Here, I’m trying to get really specific … it doesn’t matter to me if people are college grads, but my pool to begin with was too big. I needed to narrow somehow. Later, I went on to choose specific metropolitan areas in the UK to keep the target numbers down.
i) Method 1: your current customers
You can use your current customers to target similar people on Facebook (we’re not going to cover custom audiences here, but this is still pretty slick). Here’s how:
- Enter in the email address of your top 15 best customers into Facebook, and pull up their Facebook pages.
- Navigate to the section which shows you what pages they like, what interests they have etc.
- Record the information in a spreadsheet. What you’re looking for is similarities between them.
- If a couple of your top customers like the same pages / companies, then it’s worth targeting other people who like those same pages.
ii) Method 2: your competitors
Your competitors will clearly have people who you would like to advertise to … so, visit a competitors Facebook page, bring up the list of people who like that page, and repeat the steps above: record their likes and look for overlaps. Keep doing this and you’re building up a profile, a network of pages, that you can target your ad towards.
At this stage, my advice would be to ignore Facebook’s attempts to broaden your search with some straightforward ‘catch all’ groups. It’s tempting to increase your reach by as much as possible – but remember, your goal is different from Facebook’s (ad efficiency vs. ad spend)
Ideally, you’re looking to narrow your audience by as much as possible – the narrower your target group, the more likely they are to convert (if you’ve done your targeting properly).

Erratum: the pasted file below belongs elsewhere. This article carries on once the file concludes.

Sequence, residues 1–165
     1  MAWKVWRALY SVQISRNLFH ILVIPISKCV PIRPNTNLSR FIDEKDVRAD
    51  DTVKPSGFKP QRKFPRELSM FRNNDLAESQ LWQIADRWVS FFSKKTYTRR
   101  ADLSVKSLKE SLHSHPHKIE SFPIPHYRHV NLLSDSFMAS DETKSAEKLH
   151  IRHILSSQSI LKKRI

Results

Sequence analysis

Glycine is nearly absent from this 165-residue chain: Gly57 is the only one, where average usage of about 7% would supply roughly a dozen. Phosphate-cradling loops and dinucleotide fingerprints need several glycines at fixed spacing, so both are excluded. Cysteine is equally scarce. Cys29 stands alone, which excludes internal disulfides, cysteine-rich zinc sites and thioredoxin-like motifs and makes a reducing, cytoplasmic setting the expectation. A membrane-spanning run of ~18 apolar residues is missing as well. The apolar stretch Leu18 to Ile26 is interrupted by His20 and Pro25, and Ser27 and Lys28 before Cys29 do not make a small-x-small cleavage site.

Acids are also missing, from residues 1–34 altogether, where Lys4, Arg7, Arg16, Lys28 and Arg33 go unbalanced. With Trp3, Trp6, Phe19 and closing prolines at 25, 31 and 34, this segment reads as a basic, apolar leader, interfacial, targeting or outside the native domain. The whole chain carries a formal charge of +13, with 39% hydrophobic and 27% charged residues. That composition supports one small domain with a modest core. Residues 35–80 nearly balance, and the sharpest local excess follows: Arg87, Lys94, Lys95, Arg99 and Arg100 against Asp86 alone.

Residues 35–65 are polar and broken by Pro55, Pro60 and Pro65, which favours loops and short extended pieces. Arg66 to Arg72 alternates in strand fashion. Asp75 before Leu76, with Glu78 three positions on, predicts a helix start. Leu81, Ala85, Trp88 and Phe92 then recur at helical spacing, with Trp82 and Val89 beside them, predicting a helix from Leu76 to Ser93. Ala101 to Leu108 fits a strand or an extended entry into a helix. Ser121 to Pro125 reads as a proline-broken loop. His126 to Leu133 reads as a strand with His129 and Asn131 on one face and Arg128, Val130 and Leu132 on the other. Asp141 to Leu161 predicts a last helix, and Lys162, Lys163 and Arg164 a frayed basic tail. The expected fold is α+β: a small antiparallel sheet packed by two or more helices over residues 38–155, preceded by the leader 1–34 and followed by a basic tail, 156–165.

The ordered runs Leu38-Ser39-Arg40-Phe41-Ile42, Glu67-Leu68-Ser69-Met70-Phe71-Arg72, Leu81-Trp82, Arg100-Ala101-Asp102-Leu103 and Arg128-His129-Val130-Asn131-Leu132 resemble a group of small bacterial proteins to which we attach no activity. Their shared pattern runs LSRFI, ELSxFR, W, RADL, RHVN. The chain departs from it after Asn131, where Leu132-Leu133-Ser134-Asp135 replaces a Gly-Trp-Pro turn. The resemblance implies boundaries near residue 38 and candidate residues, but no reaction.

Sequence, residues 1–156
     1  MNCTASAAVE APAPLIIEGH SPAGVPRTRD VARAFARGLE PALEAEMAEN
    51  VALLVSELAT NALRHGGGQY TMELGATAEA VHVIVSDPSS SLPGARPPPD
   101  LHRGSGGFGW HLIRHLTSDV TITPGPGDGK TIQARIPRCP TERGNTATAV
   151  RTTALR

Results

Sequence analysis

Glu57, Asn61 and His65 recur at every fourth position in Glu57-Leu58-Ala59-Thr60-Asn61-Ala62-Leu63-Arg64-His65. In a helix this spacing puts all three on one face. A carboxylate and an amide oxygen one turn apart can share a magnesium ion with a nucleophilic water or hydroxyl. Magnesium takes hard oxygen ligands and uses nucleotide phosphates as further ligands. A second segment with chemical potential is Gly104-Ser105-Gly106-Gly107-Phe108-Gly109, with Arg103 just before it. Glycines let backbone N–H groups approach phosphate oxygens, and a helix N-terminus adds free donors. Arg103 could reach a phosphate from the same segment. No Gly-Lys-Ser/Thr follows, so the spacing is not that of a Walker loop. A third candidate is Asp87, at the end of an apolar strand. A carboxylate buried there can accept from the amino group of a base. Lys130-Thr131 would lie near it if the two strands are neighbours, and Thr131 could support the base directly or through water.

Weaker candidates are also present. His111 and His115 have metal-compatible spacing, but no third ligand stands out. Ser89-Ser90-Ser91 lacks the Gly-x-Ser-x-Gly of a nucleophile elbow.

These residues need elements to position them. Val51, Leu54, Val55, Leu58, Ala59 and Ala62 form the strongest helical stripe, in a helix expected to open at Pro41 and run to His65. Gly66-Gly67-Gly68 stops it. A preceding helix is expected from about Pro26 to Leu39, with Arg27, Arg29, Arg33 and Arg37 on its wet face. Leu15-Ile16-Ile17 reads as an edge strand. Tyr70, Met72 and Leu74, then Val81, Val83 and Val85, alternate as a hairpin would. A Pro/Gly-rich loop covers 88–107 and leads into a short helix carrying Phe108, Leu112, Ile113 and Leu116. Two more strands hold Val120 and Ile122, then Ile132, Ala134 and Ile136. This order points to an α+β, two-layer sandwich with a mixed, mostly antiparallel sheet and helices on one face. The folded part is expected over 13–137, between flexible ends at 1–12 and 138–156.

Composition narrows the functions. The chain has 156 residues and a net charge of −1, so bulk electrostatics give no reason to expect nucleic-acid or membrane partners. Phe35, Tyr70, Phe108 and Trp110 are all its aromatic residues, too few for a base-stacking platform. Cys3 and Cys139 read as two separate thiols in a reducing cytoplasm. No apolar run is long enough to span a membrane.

TOP TIP: try to avoid buying likes. Likes are great – and good for the ego – but they don’t convert in a controlled way. Facebook determines how many of your fans see your content – typically only about 10% of people who like your page will see your post content. You’re not in control of that – so by all means promote your page, but buying likes to it does not give you control over your reach.
Step 5: Set your budget
It pays to start small. Facebook allows you to go as low as £1 per day … but as a balance, you want to generate a few clicks to your site just to see that it’s working to start with. Try starting at £3 per day, and see where that lands you.
I also recommend setting a maximum price for a click. Facebook gives you the option to let them ‘Automatically optimise your bid to get more clicks’, and that’s all well and good – but I like to be in control of my maximum cost per click. Try something like £0.60 per click … sure, that’s quite a lot of money per click but should get you at least 5 clicks per day – and once you’ve got some traffic coming in, you can always lower that amount.
Step 6: Track and measure ROI
Okay, so now you’re up and running … you’re going to want to see a return on those ads. So, for every click you get, you’re going to need to assign both a measurable action and a value to that action.
For instance, in the campaign I set up above, I’m sending people to the page about my book (the missing manual for website owners). The action I want people to take on that page is to sign up for my email list. There are sign up boxes on the right hand side, and through the body content.
Then, I attempt to assign a value to my email list. That’s trickier because the book is not for sale yet – but, working on figures that would be slightly below industry averages, I would reckon on approximately £10 profit per book sale. I would reckon on 1 book sale per 20 email sign ups, so 20 email addresses makes me £10.
So if I’m spending £3 per day, I need to get approx. 6 or 7 email sign ups per day from my Facebook campaign to break even.
Realistically, I’m not going to be able to do that – but the value of the email address to me goes beyond the simple math of selling my book. In the lifetime of that customer, I would hope to be able to up-sell further products – so I’m willing to take a hit up front in order to secure that email address.
Step 7: Review & Adjust
So, now what? Well, you’ve got to look over your figures again and again … and adjust your campaign (or start new ones) based on the data you receive. Don’t be passive about it – online advertising is very much an active activity; stay on top of the responses, welcome your new subscribers, nurture your list and your campaigns.
And let me know how you get on.